• GND: is the common, ground voltage (0V reference) for the system.

 

Applications:

  • IoT Systems.
  • Embedded systems.
  • Work as a keyboard or a mouse.
  • Windows PC lock/unlock application
  • USB Trackpad
  • USB Joystick
  • Water Level Meter
  • Electric Bike
  • Creating a wireless keyboard
  • Automatic Pill Dispenser

Circuit:

We will not need any circuit, in this testing code, we will print out byte values in all possible formats on the serial monitor.

Connecting with Arduino First Time

1. Open Arduino IDE

If you haven’t done so already, download Arduino IDE from the software page.

You don't need to install any drivers.

2. Connect the board to your computer:

connect the board to your computer with a USB cable. This will both power the board and allow the IDE to send instructions to the board. You’ll need a data USB cable (a charge-only cable will not work), with connectors that fit both the board and your computer.

3. Select Board:

 you need to tell Arduino IDE which board your sketch is for.

Click on Tools in the menu bar and find the Board row. If a board is currently selected it will be displayed here.

The tools menu with the Board row is highlighted.

Hover over the Board row to reveal the installed board packages.

Click on the Arduino Micro or (Leonardo) board to select it.

Selecting a board in Arduino IDE.

4. Select port: Click on Tools in the menu bar and find the Port row. If a board is currently selected it will be displayed here.

The tools menu with the Port row highlighted.

Select the serial device of the Arduino board from the Tools | Serial Port menu. This is likely to be COM3 or higher (COM1 and COM2 are usually reserved for hardware serial ports). To find out, you can disconnect your Arduino board and re-open the menu; the entry that disappears should be the Arduino board. Reconnect the board and select that serial port.

5. Upload a sketch 

Copy the code below.

Optional: Click the Verify button to try compiling the sketch and check for errors.

Click the Upload button to program the board with the sketch.

Your sketch will start running on the board. It will run again each time the board is reset.

Now you can open the Serial Monitor by clicking on the icon in the upper right corner.

Code:

void setup() {
  //Initialize serial and wait for port to open:
  Serial.begin(9600);
  while (!Serial) {
    ; // wait for serial port to connect. Needed for native USB port only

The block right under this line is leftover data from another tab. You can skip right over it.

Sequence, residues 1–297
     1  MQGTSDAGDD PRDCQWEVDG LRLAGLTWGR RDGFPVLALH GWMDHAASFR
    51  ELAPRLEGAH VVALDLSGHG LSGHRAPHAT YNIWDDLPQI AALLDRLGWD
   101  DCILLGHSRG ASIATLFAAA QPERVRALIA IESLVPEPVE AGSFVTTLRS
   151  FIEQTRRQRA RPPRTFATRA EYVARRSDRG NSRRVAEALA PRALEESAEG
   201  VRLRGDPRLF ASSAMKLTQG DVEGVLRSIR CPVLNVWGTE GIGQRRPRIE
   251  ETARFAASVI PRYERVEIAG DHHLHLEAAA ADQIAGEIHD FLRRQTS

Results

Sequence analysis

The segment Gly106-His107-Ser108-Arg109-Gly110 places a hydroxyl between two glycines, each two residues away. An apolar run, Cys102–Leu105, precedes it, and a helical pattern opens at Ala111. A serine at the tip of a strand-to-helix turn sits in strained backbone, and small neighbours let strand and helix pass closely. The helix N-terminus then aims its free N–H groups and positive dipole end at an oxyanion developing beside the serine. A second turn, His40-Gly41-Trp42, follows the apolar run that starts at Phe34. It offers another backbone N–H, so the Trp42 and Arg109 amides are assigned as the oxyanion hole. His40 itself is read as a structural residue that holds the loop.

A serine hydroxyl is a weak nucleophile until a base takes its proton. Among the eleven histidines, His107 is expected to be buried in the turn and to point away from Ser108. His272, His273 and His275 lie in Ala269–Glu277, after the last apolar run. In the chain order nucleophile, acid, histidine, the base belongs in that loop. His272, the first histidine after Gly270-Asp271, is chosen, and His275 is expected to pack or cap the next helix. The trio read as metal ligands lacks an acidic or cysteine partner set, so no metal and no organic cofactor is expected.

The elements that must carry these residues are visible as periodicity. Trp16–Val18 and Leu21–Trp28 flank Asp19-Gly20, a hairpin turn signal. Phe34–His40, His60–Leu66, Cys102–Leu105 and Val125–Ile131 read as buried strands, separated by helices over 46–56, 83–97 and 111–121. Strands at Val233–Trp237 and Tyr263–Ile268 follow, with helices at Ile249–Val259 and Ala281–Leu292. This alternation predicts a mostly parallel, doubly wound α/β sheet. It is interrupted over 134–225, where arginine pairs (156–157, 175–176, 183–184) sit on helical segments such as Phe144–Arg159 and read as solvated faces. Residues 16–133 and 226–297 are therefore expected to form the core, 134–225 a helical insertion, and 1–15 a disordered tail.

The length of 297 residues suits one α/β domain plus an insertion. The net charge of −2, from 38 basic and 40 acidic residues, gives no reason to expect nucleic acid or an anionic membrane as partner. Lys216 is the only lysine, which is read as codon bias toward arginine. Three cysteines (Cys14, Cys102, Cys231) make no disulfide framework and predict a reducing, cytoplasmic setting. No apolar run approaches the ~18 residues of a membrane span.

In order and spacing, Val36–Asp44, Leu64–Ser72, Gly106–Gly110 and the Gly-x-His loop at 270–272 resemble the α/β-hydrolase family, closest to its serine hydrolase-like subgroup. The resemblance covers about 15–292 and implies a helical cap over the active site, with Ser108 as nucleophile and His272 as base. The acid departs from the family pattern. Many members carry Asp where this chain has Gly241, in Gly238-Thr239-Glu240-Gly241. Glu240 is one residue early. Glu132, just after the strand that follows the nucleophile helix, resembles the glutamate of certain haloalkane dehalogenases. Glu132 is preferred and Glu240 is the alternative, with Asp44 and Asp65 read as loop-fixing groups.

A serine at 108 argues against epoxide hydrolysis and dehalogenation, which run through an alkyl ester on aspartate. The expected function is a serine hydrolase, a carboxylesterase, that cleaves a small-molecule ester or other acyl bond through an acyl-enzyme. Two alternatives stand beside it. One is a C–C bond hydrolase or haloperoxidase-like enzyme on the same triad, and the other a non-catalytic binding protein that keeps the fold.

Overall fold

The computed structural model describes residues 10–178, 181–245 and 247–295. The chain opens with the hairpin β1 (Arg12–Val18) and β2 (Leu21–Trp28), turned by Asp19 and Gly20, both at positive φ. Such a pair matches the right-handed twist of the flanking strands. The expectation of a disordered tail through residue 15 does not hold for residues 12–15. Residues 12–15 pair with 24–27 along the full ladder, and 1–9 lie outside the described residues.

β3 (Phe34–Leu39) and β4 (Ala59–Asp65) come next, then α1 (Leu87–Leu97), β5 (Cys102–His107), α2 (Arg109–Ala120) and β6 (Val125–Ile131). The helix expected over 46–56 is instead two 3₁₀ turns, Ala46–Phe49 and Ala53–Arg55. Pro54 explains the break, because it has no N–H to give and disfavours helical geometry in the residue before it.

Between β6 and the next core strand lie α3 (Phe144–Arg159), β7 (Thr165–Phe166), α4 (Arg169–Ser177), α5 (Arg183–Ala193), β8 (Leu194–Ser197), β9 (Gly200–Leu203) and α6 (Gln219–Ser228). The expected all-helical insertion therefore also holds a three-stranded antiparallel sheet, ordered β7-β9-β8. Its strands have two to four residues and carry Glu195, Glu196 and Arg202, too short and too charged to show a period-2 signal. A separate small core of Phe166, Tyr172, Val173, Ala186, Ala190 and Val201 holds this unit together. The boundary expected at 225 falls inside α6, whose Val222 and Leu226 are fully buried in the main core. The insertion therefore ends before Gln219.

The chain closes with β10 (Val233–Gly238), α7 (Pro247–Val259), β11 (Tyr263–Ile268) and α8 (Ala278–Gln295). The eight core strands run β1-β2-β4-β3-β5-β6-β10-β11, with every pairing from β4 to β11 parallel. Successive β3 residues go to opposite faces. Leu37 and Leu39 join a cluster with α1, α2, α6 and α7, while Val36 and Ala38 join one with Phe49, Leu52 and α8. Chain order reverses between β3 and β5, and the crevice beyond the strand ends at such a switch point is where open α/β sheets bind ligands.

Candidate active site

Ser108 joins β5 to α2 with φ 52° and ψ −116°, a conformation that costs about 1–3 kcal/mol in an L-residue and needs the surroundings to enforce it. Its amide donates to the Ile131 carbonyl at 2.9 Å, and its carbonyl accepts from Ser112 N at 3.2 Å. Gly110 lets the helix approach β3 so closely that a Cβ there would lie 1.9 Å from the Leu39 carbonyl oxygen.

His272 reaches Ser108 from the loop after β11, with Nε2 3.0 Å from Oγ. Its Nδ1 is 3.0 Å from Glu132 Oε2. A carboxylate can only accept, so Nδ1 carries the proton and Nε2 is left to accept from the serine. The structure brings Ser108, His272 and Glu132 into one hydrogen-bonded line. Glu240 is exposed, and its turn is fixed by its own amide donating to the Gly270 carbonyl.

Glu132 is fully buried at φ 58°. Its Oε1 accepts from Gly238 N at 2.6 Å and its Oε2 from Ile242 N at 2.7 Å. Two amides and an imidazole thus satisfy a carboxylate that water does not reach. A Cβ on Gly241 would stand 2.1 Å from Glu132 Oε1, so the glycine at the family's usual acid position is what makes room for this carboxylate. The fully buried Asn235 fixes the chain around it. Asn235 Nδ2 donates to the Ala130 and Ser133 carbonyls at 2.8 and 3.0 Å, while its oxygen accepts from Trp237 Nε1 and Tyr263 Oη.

}

  // prints title with ending line break
  Serial.println("ASCII Table ~ Character Map");
}

// first visible ASCIIcharacter '!' is number 33:
int thisByte = 33;
// you can also write ASCII characters in single quotes.
// for example, '!' is the same as 33, so you could also use this:
// int thisByte = '!';

void loop() {
  // prints value unaltered, i.e. the raw binary version of the byte.
  // The Serial Monitor interprets all bytes as ASCII, so 33, the first number,
  // will show up as '!'
  Serial.write(thisByte);

  Serial.print(", dec: ");
  // prints value as string as an ASCII-encoded decimal (base 10).
  // Decimal is the default format for Serial.print() and Serial.println(),
  // so no modifier is needed:
  Serial.print(thisByte);
  // But you can declare the modifier for decimal if you want to.
  // this also works if you uncomment it:

  // Serial.print(thisByte, DEC);


  Serial.print(", hex: ");
  // prints value as string in hexadecimal (base 16):
  Serial.print(thisByte, HEX);

  Serial.print(", oct: ");
  // prints value as string in octal (base 8);
  Serial.print(thisByte, OCT);

  Serial.print(", bin: ");
  // prints value as string in binary (base 2) also prints ending line break:
  Serial.println(thisByte, BIN);

  // if printed last visible character '~' or 126, stop:
  if (thisByte == 126) {    // you could also use if (thisByte == '~') {
    // This loop loops forever and does nothing
    while (true) {
      continue;
    }
  }
  // go on to the next character
  thisByte++;
}

Technical Details:

  • CPU 8bit
  • Microcontroller  Atmega32u4
  • Operating voltage 5V
  • Input voltage max. 12V
  • Weight: ~ 6 grams
  • Dimension: 3.4cm x 1.8cm

Resources:

Comparisons:

This board differs slightly from the Arduino Micro and Leonardo boards. The Arduino Pro Micro lacks a reset button, a 13-pin LED, and an ICSP header, and it is smaller in size than the Arduino Micro board. It also lacks pins such as AREF, A4, A5, SS, 11, 12, and 13. This also implies that while pin 13 does not carry an LED, it does support Tx and Rx pins with LEDs for serial communication. and this board differs from the UNO board which it doesn't include any serial converter so because the MCU has a built-in USB interface, on the other hand, the starting of the Serial Connection takes a little bit more time when the board reset that's why you see a delay() after every serial begin in the micro and Leonardo boards codes.